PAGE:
What is a food supplement?

Food supplements are foodstuffs containing concentrated sources of nutrients, vitamins, minerals or other substances, such as probiotics, essential fatty acids, herbal extracts, with a nutritional or physiological effect, helping people reach an optimal nutritional intake by “supplementing” their diet. Food supplements are marketed in dose form such as capsules, pastilles, tablets, pills and other similar forms, sachets of powder, ampoules of liquids, drop dispensing bottles, and other similar forms of liquids and powders designed to be taken in measured small unit.

What do food supplements do?

As with other foods, food supplements contribute to maintaining the normal state of homeostasis in the body and are not meant to prevent or treat any disease. Food supplements function to maintain or improve health or to reduce the risk factors associated with disease. For instance, Calcium and Vitamin D can be used to reduce the risk of osteoporosis, folic acid to reduce the risk of certain births defects such as spina bifida, DHA and EPA to reduce high cholesterol, abnormal blood pressure and triglycerides, Ginkgo biloba to promote normal blood circulation, and Milk Thistle to protect liver health.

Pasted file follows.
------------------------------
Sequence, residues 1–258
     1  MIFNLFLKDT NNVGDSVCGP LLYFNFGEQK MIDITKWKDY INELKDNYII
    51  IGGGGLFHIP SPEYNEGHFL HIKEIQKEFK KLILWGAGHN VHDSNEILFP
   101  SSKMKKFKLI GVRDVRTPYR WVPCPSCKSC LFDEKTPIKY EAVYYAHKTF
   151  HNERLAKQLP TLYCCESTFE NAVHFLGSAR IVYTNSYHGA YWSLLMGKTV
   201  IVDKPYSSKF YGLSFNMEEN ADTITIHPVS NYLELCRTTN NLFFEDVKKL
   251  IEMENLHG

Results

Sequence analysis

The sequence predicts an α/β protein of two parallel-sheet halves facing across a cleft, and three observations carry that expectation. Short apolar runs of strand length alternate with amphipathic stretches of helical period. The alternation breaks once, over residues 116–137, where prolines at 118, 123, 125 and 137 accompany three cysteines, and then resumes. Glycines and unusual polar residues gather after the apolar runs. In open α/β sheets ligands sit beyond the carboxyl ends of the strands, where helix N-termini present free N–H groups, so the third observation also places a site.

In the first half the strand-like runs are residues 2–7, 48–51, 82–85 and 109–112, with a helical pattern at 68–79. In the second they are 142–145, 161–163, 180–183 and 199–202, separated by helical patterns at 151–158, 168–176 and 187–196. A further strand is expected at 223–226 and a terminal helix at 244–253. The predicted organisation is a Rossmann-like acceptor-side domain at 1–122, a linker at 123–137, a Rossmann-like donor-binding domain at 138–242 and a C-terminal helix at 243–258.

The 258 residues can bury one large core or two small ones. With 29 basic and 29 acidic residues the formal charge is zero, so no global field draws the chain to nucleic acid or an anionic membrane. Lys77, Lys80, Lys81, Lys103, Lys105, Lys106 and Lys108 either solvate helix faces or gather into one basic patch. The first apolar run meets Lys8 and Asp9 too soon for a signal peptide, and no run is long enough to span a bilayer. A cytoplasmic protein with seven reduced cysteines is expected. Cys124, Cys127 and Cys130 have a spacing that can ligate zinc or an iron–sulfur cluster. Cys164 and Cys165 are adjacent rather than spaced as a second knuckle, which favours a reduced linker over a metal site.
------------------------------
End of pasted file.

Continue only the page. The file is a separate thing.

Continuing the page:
Food supplements are not meant to replace a balanced diet.

Contributing to the sustainability of the Health Care System

As such, food supplements, together with a healthy lifestyle, contribute to the improvement of citizens’ health and wellbeing, and to the reduction of the financial burden of healthcare systems on Member States. The reduction of diet-related risk factors for several diseases is a sustainable option, which serves the needs of the EU population first and foremost. This is particularly important in the EU, as an increasing 20 percent of its population is aged 65+.